In early September the ministry requested that the London County Council should take the lead in providing communal feeding facilities in the capital. Called the Londoners’ Meals Service, this was always separate from the ‘British Restaurants’ scheme. But in effect the two were similar, at least in post-blitz London, which was dominated by field kitchens and mobile canteens offering a ‘cash hand carry’ service. The first indoor dining room was opened in Woolmore Street, Poplar on 24 October 1940. By Christmas, 139 Londoners’ Meals Service centres were producing a total of 80,000 meals a week. Many of the sites were schools, first because the buildings were increasingly available as children were evacuated, and, second, because the domestic science teachers and their facilities would otherwise have been unemployed and under-utilised. The price was an affordable 9d or 10d for a two-course meal.

In November 1940 provincial local authorities were circulated, asking them to consider setting up what were now to be called Community Kitchens. By the end of the year these had been established in major cities such as Birmingham, Bradford, Leeds, Liverpool, Manchester and Newcastle upon Tyne. Progress was slow at first but the spread of air raids concentrated the minds of councils, as did the minister’s offer of financial assistance.

Churchill disliked terminology such as ‘Communal Feeding Centre’ and ‘Community Kitchen’ as ‘redolent of Communism and the workhouse’. In March 1941 he suggested the name ‘British Restaurant’ because “the word ‘restaurant’ is associated positively in people’s minds with ‘a good meal’.” One modern branding professional sees this in retrospect as the masterstroke of someone who instinctively understood the difference between product and brand.

Most British Restaurants were run on the cafeteria principle. The diners bought tickets and then queued up and chose food from a series of hot plates.

Generally speaking, the food in British Restaurants was said to be of good quality and filling. There were some attempts to introduce meals in the Oslo style, with the intention of providing in one sitting all of the day’s needs for animal protein, vitamins and minerals. But this met with resistance from customers who wanted their traditional meat and two vegetables. In Birmingham all 56 British Restaurants had a choice of five meat dishes, five vegetables and five desserts, and those in the city centre had more. In other cities with less on offer, menus had to be removed from the entrances because customers would wander from one to another and the restaurant serving roast attracted the customers.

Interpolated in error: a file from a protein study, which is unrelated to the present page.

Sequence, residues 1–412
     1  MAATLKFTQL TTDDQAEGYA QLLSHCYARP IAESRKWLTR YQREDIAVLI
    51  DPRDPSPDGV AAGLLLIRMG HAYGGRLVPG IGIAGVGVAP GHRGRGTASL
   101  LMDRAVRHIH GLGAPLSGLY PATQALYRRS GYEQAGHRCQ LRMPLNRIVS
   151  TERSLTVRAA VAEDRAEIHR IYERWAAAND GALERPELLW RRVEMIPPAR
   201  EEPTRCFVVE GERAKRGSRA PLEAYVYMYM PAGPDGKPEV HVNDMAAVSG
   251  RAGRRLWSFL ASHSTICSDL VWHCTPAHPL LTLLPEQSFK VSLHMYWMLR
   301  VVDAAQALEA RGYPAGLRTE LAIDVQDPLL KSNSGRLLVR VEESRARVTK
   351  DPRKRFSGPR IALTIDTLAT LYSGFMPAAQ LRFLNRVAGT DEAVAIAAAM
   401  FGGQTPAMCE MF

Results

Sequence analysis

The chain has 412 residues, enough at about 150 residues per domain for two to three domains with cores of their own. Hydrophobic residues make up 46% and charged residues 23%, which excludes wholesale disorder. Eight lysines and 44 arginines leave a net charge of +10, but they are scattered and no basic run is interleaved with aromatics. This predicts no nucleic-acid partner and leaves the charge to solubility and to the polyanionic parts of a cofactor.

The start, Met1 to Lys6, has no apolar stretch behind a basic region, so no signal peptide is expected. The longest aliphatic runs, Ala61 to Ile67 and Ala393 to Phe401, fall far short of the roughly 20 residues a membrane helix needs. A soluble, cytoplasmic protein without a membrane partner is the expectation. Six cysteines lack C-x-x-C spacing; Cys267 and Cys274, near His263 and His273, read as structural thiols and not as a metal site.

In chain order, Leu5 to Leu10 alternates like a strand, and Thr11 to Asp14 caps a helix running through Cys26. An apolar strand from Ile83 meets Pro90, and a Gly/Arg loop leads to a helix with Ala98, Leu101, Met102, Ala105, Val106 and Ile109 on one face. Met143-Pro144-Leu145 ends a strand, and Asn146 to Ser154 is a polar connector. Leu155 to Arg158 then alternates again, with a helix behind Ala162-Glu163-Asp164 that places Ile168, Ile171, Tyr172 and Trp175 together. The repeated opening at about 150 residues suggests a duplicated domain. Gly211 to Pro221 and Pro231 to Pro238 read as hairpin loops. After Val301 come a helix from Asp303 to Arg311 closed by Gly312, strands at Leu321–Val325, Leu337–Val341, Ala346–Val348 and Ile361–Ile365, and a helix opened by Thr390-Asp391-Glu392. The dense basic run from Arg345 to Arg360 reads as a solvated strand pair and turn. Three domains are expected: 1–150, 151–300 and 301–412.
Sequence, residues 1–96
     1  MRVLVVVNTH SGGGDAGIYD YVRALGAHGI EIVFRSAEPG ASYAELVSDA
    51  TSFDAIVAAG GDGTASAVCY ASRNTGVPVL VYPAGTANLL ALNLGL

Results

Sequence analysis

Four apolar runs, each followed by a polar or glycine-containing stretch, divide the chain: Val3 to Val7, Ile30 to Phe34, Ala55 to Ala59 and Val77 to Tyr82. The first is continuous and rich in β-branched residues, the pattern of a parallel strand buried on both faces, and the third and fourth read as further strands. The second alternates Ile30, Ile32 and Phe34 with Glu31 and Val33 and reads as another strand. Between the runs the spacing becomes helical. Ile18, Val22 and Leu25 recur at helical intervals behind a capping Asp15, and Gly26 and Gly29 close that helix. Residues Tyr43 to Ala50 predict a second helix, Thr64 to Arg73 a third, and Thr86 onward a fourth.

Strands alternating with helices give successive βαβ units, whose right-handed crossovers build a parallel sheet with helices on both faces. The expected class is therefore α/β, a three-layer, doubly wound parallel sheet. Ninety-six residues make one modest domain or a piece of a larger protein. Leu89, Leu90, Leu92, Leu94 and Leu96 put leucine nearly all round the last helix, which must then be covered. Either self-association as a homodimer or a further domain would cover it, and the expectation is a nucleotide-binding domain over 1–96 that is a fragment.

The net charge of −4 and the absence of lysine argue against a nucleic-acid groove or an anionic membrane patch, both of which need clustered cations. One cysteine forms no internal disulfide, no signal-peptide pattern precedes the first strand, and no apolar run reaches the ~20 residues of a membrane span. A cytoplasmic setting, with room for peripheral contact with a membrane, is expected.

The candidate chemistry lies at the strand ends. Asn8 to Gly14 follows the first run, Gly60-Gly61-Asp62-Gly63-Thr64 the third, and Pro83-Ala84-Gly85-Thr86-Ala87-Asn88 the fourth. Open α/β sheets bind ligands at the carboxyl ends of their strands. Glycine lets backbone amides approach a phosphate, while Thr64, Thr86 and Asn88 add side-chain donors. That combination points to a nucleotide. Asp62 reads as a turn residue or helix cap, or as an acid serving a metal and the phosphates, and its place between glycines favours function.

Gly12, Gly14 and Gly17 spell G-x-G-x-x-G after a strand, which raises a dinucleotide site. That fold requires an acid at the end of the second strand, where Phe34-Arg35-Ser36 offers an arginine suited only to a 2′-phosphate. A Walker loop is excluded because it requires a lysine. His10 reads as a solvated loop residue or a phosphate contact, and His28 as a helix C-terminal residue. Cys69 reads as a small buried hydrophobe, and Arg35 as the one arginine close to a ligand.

In 1942 most local authorities with populations over 50,000 (mostly County and Municipal Boroughs) had adopted the British Restaurant idea. In the band 10,000 to 50,000 it was about a half, and a quarter for those authorities under 10,000. Twelve local authorities had ten or more restaurants open each, and London dominated with a quarter to a third of British Restaurants nationally.”

Members_of_the_public_enjoying_a_meal_in_one_of_the_chain_of_British_Restaurants_established_during_the_Second_World_War_London_1943

© IWM

I can almost identify my grandmother & grand-dad and indeed my parents, as some of the diners in these photos.

Interestingly — and from where the other part of the title of this post comes from — was this detail of the research work that went into the rationing levels chosen:

In December 1939, Elsie Widdowson and Robert McCance of the University of Cambridge tested whether the United Kingdom could survive with only domestic food production if U-boats ended all imports. Using 1938 food production data, they fed themselves and other volunteers one egg, one pound (450 g) of meat and four ounces (110 g) of fish a week; one-quarter imperial pint (140 ml) of milk a day; four ounces (110 g) of margarine; and unlimited amounts of potatoes, vegetables and wholemeal bread. Two weeks of intensive outdoor exercise simulated the strenuous wartime physical work Britons would likely have to perform. The scientists found that the subjects’ health and performance remained very good after three months; the only negative results were the increased time needed for meals to consume the necessary calories from bread and potatoes, and what they described as a “remarkable” increase in flatulence from the large amount of starch in the diet. The scientists also noted that their faeces had increased by 250% in volume.